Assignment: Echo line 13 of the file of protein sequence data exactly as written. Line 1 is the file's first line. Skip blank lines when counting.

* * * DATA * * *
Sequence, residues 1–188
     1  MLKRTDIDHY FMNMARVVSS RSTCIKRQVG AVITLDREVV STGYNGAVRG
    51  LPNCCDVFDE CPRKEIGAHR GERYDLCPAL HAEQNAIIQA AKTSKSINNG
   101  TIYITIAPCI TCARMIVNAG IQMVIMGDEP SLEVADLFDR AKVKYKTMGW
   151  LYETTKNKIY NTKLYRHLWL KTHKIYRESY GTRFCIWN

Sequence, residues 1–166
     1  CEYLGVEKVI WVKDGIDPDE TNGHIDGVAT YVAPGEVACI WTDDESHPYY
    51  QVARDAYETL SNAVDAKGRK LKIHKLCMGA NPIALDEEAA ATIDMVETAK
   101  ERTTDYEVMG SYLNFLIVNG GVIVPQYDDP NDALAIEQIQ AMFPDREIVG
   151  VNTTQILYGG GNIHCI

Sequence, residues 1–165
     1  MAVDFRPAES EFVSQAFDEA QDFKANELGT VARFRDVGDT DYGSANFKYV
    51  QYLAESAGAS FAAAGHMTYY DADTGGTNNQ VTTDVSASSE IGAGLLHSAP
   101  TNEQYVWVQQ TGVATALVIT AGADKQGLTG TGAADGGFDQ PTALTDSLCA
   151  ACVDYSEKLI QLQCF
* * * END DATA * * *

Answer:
    51  QYLAESAGAS FAAAGHMTYY DADTGGTNNQ VTTDVSASSE IGAGLLHSAP